Serum Albumin

The serum albumin test measures the amount of albumin present in circulation. Albumin is used to gauge liver function because it is produced by the liver, therefore can portray a picture of the efficiency of the liver functioning. This protein is useful in the transportation of substances through conjugation, for instance, the transportation of hormones, and fatty acids. As well, it acts as a buffer to pH and maintains the body’s oncotic pressure.

This protein is measured through absorbance methods where it is bound to dyes such as bromocresol green. The standard reference range is between 35 to 50 g/L

Alpha FetoProtein (AFP)

Alpha Feto Protein is a protein that is encoded by the AFP gene and is produced by the fetus then leak into the mother’s circulation during pregnancy. this protein is thought to be an analog of the serum albumin. It is used to gauge the liver function of the fetus majorly. in maternal women it is measured in the urine samples since it is rapidly cleared from their system through the kidneys, it can also be measured through serum samples, and amniotic fluid aspirates.

The levels of AFP are reported as under 50 ng/mL, under 10 ng/mL, and under 5 ng/mL.


This is a protein made by the liver for the purpose of transporting mineral copper around the body with an efficiency of 65% to 90%. It also plays an important role in iron metabolism as a ferroxidase enzyme. As an acute-phase protein, its levels increase during infections, rheumatoid arthritis, pregnancy, obstructive jaundice, and Wilson Liver disease. This liver function test therefore checks for the protein assembly function of the well as the efficiency of copper transportation around the body.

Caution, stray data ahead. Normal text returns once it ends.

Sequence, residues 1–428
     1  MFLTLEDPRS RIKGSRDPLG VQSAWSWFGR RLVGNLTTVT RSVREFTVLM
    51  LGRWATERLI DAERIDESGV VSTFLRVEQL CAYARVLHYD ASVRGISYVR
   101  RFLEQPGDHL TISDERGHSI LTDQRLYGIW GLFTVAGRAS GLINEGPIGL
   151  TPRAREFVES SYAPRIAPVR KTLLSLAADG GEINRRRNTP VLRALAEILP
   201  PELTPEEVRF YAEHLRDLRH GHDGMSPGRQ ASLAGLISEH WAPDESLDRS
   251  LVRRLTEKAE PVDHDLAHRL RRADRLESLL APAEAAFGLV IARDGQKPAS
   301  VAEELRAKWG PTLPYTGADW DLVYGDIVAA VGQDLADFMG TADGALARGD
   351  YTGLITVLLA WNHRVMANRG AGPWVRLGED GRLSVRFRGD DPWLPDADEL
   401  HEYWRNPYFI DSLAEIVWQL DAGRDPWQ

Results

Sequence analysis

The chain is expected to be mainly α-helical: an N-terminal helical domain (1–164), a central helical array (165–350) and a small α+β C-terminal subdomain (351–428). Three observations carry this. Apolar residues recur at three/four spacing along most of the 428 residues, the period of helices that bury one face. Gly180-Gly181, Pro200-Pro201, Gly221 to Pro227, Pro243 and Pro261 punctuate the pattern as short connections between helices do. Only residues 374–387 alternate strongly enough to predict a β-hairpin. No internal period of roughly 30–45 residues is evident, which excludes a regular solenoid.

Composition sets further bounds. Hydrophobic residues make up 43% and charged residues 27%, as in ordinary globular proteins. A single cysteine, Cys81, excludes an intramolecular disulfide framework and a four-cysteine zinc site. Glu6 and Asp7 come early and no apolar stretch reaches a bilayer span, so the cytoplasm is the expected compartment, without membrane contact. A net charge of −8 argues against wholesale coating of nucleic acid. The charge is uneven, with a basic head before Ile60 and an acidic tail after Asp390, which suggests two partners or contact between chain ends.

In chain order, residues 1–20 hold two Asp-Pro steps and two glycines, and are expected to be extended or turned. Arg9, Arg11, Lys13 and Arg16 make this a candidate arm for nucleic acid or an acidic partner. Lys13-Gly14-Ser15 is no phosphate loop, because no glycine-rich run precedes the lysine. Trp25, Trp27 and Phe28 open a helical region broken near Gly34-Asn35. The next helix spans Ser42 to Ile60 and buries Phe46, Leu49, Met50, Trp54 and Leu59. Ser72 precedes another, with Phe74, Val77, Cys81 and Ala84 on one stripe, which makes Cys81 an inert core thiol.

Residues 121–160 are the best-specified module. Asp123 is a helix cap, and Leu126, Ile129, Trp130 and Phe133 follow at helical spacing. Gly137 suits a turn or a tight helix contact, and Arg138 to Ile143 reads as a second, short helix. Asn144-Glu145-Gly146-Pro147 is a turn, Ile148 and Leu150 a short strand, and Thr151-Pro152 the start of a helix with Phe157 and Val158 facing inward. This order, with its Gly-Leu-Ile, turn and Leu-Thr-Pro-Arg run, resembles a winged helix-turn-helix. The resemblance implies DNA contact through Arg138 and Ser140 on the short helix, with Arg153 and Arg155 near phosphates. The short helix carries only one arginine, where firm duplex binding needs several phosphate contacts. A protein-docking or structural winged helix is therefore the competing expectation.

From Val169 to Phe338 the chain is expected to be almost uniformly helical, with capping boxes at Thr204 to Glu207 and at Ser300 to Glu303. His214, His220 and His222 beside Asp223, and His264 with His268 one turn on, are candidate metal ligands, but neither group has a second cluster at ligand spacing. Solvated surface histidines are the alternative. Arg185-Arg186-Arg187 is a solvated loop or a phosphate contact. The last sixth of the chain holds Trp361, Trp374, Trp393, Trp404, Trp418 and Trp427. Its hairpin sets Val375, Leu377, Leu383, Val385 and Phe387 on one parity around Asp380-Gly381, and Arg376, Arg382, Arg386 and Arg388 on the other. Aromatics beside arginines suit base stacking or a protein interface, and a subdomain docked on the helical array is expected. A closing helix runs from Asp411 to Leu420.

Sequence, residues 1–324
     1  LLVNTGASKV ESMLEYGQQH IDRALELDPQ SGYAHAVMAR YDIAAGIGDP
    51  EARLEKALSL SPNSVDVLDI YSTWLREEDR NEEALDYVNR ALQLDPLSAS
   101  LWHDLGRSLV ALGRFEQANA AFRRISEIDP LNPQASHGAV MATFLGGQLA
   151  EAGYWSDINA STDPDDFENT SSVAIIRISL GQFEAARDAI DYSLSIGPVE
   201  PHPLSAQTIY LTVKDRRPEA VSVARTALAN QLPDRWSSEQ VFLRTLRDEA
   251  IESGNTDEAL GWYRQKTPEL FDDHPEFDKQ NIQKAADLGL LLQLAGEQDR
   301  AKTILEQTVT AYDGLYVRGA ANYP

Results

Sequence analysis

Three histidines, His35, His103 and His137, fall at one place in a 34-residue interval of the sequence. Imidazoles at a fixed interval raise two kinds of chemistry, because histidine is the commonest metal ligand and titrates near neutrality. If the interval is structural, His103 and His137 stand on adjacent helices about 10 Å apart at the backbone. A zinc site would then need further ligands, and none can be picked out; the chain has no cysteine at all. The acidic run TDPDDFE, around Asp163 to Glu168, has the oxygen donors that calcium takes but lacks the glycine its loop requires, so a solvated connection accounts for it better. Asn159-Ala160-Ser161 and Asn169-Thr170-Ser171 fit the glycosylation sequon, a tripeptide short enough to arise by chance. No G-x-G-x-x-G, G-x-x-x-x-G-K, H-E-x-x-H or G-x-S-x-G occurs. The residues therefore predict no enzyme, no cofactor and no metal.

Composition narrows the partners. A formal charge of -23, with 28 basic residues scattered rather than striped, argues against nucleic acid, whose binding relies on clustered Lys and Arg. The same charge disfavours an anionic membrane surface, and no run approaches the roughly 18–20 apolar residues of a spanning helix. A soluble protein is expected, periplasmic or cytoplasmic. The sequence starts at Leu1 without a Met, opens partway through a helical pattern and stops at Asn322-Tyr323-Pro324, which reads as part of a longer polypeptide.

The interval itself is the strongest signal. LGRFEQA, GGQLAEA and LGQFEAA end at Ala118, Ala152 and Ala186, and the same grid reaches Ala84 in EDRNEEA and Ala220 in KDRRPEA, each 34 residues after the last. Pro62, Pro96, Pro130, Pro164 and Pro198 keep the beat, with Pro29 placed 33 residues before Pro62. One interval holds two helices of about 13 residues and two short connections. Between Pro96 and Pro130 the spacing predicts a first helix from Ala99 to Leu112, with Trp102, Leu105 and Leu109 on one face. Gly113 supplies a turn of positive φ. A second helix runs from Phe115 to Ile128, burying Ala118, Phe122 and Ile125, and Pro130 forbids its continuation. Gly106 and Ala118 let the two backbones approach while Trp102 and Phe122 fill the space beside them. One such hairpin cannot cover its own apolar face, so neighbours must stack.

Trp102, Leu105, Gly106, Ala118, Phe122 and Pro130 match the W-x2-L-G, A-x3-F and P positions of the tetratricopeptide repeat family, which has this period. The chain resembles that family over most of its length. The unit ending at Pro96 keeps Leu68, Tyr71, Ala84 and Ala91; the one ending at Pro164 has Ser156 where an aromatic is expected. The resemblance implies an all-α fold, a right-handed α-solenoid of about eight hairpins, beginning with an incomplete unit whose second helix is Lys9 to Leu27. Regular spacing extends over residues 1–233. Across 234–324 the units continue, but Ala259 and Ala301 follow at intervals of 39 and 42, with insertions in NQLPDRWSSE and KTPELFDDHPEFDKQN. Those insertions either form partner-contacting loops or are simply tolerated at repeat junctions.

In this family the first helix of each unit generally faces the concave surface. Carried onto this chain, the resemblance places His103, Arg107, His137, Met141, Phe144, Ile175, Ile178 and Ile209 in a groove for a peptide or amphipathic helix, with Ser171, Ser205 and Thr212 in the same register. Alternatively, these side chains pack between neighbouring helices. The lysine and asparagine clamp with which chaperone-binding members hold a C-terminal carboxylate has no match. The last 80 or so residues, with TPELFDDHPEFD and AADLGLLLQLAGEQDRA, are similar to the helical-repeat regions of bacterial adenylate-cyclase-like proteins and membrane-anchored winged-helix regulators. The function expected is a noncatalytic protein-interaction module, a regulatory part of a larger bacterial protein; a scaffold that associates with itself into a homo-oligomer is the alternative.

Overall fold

The normal blood concentration of Ceruloplasmin is 20-50 mg/dL

Coagulation Tests

The liver is a key producer of several coagulation factors such as prothrombin. The activity and health of the liver can be measured through the internationalized normalized rates (INR). In liver diseases, the synthesis of both the procoagulants and anticoagulants is decreased and therefore the patients are found to be hypercoagulable despite an elevated INR.

Coagulation tests are best done using modern methods such as thromboelastogram or thromboelastometry in place of the traditional INR liver function tests.


Bilirubin is a product of heme breakdown and can exist in a conjugated form or unconjugated form. The liver is responsible for clearing the blood of unconjugated bilirubin through conjugation. In a liver function test, the levels of bilirubin in the blood can be measured directly, indirectly or in total.

The reference ranges are as follows:

  • Total bilirubin 0.1- 1.0 mg/dL
  • Unconjugated bilirubin 0.2- 0.7 mg/dL
  • Conjugated bilirubin 0.1- 0.4 mg/dL

Serum Glucose

The serum glucose test measures the liver’s ability to produce glucose. It is usually the last function to be lost in the setting of fulminant liver failure.